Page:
One of the courses I’m teaching each semester here in Kent is called ‘Earth Dynamics’: an introductory-level geology course aimed at the broader undergraduate population. With that in mind, I try to identify and highlight areas where the topic at hand may intersect with the everyday lives of my students. Thus when, last week, we covered earthquakes, I had to address the thorny topic of earthquake prediction. I’ve covered this topic many, many times here on the blog, which has probably not only emphasised to me the importance of covering it in class, but also made me perhaps a little more ranty about it than is healthy. My rant can be summarised thusly:
It is important to distinguish between specific, short-term predictions (‘that fault will rupture in a magnitude 7.5 earthquake next Friday’), and general, probabilistic, long-term predictions, or forecasts (‘this area has a 1 in 4 chance of experiencing a magnitude 7 or greater earthquake in the next 30 years’). We presently have no ability – or inkling of an ability – with regards to the former. Even with the latter, we face severe limitations due to the lack of a long-term earthquake record in most regions, but it is currently the only game in town.
Don’t believe anyone who claims they can accurately predict earthquakes over the short-term. These people are at best extremely misguided, and at worst frauds and charlatans. The only way that they are successful is to make loose ‘predictions’ in a seismically active area and adopt very broad criteria for ‘success’ (‘That magnitude 5 200 km from where I said there’d be a magnitude 8 was totally right. I’m a genius!’). People claiming the prospect of an even bigger shock in the aftermath of a big quake, such as seems to have been the case for last week’s destructive M 7.2 in the Philippines, operate from a similar playbook.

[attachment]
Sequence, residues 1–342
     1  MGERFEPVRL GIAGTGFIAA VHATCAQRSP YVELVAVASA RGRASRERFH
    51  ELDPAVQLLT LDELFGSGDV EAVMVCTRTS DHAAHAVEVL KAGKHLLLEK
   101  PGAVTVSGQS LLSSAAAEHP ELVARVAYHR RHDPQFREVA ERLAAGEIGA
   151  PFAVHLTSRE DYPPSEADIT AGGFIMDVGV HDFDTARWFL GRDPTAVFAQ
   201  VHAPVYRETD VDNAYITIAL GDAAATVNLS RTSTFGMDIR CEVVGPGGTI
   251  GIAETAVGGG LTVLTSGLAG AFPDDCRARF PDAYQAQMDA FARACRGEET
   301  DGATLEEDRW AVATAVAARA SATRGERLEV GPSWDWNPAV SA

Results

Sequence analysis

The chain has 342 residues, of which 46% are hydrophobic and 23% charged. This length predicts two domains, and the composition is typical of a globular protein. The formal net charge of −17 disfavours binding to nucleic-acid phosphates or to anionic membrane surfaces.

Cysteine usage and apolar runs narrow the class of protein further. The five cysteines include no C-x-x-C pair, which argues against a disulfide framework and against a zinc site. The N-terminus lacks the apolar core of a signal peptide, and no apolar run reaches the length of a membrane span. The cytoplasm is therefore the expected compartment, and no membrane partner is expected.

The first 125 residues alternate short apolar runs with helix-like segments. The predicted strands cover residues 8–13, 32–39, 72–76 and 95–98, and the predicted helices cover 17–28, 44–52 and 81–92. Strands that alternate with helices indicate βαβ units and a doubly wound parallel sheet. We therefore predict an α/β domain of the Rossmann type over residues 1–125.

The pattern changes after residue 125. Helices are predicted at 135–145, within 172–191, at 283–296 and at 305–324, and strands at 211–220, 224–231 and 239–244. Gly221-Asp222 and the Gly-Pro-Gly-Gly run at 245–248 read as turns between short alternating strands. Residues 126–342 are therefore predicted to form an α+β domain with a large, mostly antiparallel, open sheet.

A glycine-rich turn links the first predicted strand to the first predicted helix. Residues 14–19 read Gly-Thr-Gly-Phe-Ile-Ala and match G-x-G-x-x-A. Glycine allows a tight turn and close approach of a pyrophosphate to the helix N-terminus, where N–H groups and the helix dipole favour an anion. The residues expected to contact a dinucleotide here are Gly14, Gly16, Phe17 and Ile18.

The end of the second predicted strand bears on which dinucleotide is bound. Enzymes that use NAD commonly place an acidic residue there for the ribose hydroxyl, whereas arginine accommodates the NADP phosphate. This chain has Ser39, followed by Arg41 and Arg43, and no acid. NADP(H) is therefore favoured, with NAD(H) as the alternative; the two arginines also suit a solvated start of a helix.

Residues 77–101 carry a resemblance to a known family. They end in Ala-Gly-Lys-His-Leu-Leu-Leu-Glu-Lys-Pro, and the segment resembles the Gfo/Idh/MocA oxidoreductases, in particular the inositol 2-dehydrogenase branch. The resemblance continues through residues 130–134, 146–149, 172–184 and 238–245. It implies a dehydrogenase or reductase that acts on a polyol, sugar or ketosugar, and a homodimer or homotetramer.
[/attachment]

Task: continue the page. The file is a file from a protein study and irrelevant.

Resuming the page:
- When you read headlines with the form ‘Can x predict earthquakes?’, the answer is always ‘NO’. For any value of x, be it planetary alignments, animal behaviour, weather, foreshock patterns, radon gas emissions, ionospheric disturbances, low frequency electromagnetic signals, anything, the answer is still ‘NO’.
Sadly, such headlines are all-too-common, as NBC proved this morning:
By this stage, my response should not surprise you:
— Chris Rowan (@Allochthonous) October 23, 2013
Over at Deep Sea News, Craig deconstructs this particular example quite nicely, but the underlying problem is always the same. The association is always post-hoc: these ‘precursor’ events are only claimed as such when people look backwards after a large earthquake has already occurred – and a more detailed look always reveals a huge problem with false positives (signal, but no large earthquake) and false negatives (no signal, but a large earthquake anyway). Thus, even if the weirdly behaving animals, or infra-red anomalies in the atmosphere, or strange foreshock patterns, are actually connected to an imminent destructive earthquake, we have no understanding of how and why, so we currently have no way of systematically using future observations to make future predictions. The only thing more annoying than the uncritical discussion of claimed earthquake precursors in the media is the assumption that, if it is valid, it’s then an easy step to building a short-term earthquake warning system. It is not.
Despite my obviously hardline stance on these matters, I am happy to concede that all this may change in the future. It’s certainly possible that we can pick up valid signals associated with incipient fault rupture at depth, and we may eventually understand the processes that generate them enough to – potentially – weed out the false positives well enough to make them useful for shorter term forecasting. But I wouldn’t hold your breath – earthquake scientists have been looking and hoping for such tools for decades, and even the ones that have appeared promising initially have failed to hold up to scrutiny in the long run.
Not only can oarfish not predict earthquakes – neither can we.